Recent large-scale quantitative studies provide further evidence that teachers choose to leave schools with poor work environments and that these conditions are most common in schools that minority and low-income students typically attend (Borman & Dowling, 2008; Boyd et al., 2011; Ladd, 2009, 2011; Loeb, Darling-Hammond, & Luczak, 2005). Thus, mounting evidence suggests that the seeming relationship between student demographics and teacher turnover is driven not by teachers’ responses to their students, but by the conditions in which they must teach and their students are obliged to learn.


Using data on teachers’ job satisfaction, career intentions, and the conditions of work in Massachusetts schools, we confirm these recent findings. We find that measures of the school environment explain away much of the apparent relationship between teacher satisfaction and student demographic characteristics. The conditions in which teachers work matter a great deal to them and, ultimately, to their students. Teachers are more satisfied and plan to stay longer in schools that have a positive work context, independent of the school’s student demographic characteristics. Furthermore, although a wide range of working conditions matter to teachers, the specific elements of the work environment that matter the most to teachers are not narrowly conceived “working conditions” such as clean and well-maintained facilities or access to modern instructional technology. Instead, it is the social conditions—the school’s culture, the principal’s leadership, and relationships among colleagues—that predominate in predicting teachers’ job satisfaction and career plans. As Bryk and his colleagues have documented, improving these social conditions involves building relational trust between teachers and school leaders and engaging teachers in co-constructing the social context of their work (Bryk & Schneider, 2002; Bryk, Sebring, Allensworth, Luppescu, & Easton, 2010).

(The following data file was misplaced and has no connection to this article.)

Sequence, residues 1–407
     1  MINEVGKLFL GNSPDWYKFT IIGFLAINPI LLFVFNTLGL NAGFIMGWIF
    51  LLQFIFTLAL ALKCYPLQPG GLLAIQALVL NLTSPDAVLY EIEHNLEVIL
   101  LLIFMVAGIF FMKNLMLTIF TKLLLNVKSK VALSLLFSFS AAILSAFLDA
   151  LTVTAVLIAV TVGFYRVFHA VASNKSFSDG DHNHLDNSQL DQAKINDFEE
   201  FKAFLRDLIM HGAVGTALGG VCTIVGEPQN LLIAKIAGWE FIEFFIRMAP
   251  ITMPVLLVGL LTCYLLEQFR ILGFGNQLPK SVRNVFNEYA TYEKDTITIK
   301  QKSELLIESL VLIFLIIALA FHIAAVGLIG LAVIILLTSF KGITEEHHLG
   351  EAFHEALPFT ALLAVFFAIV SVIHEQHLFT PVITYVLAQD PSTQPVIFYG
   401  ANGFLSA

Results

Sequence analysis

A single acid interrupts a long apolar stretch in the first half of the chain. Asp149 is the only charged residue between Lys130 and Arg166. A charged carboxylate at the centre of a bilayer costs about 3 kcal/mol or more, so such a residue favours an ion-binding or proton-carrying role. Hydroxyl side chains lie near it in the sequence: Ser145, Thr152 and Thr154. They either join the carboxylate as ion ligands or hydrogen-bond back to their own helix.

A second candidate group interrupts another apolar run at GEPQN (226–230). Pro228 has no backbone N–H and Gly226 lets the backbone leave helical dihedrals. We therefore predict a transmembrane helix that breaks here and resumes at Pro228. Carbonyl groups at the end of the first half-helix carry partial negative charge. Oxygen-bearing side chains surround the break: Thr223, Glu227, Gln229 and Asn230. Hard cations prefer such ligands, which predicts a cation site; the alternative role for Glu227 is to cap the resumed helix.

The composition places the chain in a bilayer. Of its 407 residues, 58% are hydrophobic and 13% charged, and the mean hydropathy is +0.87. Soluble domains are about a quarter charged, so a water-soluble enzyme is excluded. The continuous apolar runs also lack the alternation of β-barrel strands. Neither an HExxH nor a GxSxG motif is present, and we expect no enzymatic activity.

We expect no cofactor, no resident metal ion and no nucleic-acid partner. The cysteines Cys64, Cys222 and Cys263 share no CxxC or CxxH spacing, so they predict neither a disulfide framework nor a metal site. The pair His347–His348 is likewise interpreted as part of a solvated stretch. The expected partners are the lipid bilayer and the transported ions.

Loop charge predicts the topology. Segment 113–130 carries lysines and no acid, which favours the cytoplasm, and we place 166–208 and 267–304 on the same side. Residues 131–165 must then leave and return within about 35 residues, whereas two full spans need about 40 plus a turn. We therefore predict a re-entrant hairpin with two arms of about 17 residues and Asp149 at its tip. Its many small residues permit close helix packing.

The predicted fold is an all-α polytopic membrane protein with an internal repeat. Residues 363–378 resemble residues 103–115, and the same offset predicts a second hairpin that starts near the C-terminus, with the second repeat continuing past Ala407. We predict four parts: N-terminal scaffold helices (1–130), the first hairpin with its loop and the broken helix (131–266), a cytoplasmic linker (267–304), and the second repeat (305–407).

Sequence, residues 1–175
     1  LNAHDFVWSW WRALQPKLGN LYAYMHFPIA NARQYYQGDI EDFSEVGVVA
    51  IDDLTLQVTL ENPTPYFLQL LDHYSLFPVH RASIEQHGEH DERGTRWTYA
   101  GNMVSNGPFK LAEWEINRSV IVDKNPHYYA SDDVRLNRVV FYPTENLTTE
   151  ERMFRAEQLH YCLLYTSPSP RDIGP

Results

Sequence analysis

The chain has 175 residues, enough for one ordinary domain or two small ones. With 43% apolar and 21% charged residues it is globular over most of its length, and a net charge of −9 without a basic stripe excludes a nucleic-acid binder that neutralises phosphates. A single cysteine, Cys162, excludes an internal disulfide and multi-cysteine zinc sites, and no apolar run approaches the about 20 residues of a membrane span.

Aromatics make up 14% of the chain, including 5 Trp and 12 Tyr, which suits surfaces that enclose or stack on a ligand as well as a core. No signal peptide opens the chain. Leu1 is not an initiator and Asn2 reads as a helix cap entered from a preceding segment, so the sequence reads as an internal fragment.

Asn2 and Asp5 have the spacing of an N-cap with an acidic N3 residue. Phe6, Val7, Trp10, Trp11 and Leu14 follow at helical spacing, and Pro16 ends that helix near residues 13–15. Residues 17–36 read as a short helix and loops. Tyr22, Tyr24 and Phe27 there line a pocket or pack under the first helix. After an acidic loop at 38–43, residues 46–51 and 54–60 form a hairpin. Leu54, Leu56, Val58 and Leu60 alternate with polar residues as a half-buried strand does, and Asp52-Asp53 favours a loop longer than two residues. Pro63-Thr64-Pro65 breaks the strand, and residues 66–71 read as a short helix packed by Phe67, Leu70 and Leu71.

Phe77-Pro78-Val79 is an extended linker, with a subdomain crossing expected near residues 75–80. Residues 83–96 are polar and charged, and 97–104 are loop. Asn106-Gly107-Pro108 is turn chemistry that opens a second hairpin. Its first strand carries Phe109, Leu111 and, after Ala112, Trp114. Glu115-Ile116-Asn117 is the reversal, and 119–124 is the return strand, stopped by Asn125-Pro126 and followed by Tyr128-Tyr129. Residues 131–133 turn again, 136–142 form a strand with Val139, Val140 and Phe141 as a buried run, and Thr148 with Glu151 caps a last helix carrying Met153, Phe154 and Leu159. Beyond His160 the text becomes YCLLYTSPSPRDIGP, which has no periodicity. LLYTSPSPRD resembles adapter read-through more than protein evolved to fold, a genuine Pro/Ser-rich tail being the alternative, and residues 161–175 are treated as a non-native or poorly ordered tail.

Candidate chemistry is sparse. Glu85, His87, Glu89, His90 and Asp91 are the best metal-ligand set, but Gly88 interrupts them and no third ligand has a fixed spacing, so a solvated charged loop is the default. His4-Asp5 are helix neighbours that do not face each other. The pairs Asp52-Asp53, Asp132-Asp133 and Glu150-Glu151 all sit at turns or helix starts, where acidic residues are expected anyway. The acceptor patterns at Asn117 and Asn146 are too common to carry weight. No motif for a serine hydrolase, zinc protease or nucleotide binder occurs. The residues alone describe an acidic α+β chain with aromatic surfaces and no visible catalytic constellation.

More important, providing a supportive context in which teachers can work appears to contribute to improved student achievement. Like Ladd (2009), we find that favorable conditions of work predict students’ academic growth, even when we compare schools serving demographically similar groups of students. Thus, policy makers who want to retain effective teachers and improve student performance, particularly in schools that are traditionally hard to staff, should pay close attention to the school context as teachers experience it.


In the next section, we explore the concept of the teacher’s workplace, which informs our study, and then highlight several key studies that have broadened the conversation about the importance of the work context for teachers. We go on to describe the Massachusetts data sets that we use, our key measures of the conditions of work, and our analytic strategy. Finally, we present our results and conclude with a discussion of our findings.


THE TEACHER’S WORKPLACE